All in the family

Hubert gets the promotion he deserves, plus First Amendment and radio news!

Hello, happy people —

I’ll keep it brief today, because I need to do show prep: I’m joining my friend Donna Martinez, host of the Triangle’s Afternoon News, from 3 to 5 p.m today (and Thursday!) on WPTF 680 in Raleigh. You can stream it here, or tune your dial to 680 AM or 98.5 FM. 

We have many things to discuss, including yesterday’s post!

Hubert Davis, a great hire (I hope!)

I’m delighted UNC Athletics Director Bubba Cunningham chose Hubert Davis to succeed Roy Williams as Carolina men’s basketball coach. Much like Roy, Davis is a fan favorite who outperformed expectations and, with the right support, should maintain the program’s excellence.

I remember Hubert as the skinny freshman who looked too frail to reach the rim with his shots, and also appeared to be the kind of guy who’d get broken in half if he went to the basket. 

He was Walter’s nephew, so wasn’t it nice for Dean to let him play! (In fact, Dean Smith urged Davis not to enroll at Carolina, telling Hubert he probably would ride the bench.)

Some fans saw him almost as a team mascot, like Mike Pepper or Wes Miller — another highly successful hoops coach at UNC-Greensboro — or Stillman White. The sparky but not-as-talented kid who comes off the bench, adds some hustle, and steals a few minutes for the REAL players.

Uh oh

Hubert not only became a starter for the Tar Heels. He averaged 21.4 points per game his senior season, was a first-round pick of the New York Knicks, and played 12 seasons in the NBA. 

For several years, his career, 44.1% 3-point shooting percentage was the second-highest in NBA history, behind Steve Kerr. (Seth Curry, who’s still playing, hovers around the 44.1% mark and at times surpasses it.)

Hubert’s gotten a lot of pixels over the past 24 hours. This terrific profile from 2014 by the News & Observer’s Andrew Carter is essential reading.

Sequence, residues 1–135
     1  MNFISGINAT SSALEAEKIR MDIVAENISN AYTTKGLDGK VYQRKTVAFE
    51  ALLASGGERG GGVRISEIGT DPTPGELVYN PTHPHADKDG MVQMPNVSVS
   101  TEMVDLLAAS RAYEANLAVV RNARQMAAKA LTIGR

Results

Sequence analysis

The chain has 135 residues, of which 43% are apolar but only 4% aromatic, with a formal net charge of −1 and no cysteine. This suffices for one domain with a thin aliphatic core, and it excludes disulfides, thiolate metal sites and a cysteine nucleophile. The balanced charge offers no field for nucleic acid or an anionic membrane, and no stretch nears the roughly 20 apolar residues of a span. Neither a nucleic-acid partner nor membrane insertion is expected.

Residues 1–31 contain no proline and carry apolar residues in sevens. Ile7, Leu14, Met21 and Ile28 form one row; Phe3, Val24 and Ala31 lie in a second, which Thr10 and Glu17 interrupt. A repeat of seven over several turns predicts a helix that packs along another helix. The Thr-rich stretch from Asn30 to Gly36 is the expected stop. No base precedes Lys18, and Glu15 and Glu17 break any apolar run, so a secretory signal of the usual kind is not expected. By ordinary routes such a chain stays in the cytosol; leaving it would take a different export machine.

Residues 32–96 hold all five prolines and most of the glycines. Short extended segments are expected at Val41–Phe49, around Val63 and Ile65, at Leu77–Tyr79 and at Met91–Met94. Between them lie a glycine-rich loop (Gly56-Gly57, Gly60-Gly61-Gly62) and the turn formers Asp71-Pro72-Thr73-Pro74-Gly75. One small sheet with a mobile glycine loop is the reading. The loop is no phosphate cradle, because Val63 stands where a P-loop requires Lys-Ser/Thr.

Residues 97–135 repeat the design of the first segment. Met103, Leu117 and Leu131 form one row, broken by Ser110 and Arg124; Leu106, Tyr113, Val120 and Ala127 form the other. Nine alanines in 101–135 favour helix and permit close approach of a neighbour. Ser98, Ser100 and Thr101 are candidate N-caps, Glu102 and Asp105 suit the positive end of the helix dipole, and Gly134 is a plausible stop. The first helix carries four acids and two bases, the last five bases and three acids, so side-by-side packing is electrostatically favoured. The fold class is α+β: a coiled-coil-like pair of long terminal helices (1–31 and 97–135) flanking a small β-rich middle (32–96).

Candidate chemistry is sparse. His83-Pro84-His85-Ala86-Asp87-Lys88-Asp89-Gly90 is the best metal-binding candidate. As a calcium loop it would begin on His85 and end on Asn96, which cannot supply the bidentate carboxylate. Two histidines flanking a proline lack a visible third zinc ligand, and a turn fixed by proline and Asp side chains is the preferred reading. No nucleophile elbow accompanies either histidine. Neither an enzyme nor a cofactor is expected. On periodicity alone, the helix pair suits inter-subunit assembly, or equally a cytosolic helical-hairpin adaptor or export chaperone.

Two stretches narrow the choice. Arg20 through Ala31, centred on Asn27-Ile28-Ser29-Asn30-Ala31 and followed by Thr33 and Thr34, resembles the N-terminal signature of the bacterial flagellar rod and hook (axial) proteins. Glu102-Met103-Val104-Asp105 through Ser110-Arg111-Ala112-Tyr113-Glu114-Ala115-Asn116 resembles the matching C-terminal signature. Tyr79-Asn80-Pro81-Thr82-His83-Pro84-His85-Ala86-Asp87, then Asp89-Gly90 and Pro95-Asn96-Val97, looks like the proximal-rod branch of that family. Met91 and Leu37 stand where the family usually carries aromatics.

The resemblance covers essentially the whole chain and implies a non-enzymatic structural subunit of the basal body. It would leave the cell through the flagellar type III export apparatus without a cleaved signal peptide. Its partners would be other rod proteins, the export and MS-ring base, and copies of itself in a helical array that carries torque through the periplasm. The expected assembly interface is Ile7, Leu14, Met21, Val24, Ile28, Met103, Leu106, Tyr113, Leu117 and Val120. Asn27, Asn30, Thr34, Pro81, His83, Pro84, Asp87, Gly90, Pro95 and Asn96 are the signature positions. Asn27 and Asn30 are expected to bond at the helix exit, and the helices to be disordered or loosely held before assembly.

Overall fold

An obvious parallel with Roy Willams is that both he and Davis coached the UNC men’s junior varsity teams before getting their first Division I head coaching jobs. And both got them at “blue blood” programs — Williams at Kansas, Davis at UNC.

When any coach has been at it at a prestige school as long as Roy was, questions arise when his teams lose early in the NCAA tournament. Has he lost a step? (At his retirement news conference, Roy said he had.) Can he keep up with innovations in the game?

My buddy Tim Boyum at Spectrum News found this gem:

The days of the traditional point guard, shooting guard, wing forward, power forward, and center are long gone. At least in the major programs. Carolina’s bigs have been mobile enough, but also have been shown up by teams who had athletic interior players who could play inside, drive to the basket, and shoot from the parking lot. 

Hubert’s teams will adjust. He won’t always be in front of a friendly crowd.

Justice Thomas takes on Big Tech?

More to say about this later. But in a concurring opinion yesterday, Supreme Court Justice Clarence Thomas seemed to give oxygen to growing concerns on both right and left about the “power” of major social media platforms. 

The lawsuit asked if President Donald Trump could block followers from his Twitter feed without violating the First Amendment. The case was vacated as moot, because Trump is no longer president, and Twitter banned him from the platform anyway.

Thomas weighed in: “On the surface, some aspect’s of Mr. Trump’s Twitter account resembled a public forum.”

On The Advisory Opinions podcast, Sarah Isgur said Thomas was questioning if indeed federal courts should treat Big Tech social media platforms the way it handles a soapbox on a public sidewalk. The court has held that a California law requiring shopping malls to allow space for public expression. If that doesn’t violate property rights, then why can’t dominant social media outlets be treated as public spaces, too?

Sarah’s podcasting partner David French wasn’t so sure. 

Thomas may simply be asking for some clarity from Congress or state legislatures about how to treat social media platforms with huge followings. Or he may be signaling something stronger.

But conservatives who think this is an opportunity to bash Big Tech for canceling viewpoints Silicon Valley lefties dislike may not like where this is heading.

Even if Rep. Ted Lieu of California is wrong about this, we should watch carefully:


A lot of them today. Billy Dee Williams is 84! Warren Hayes is 60! And John Ratzenberger, who will not be the new host of Jeopardy!, is 74. You blew it, Cliffie.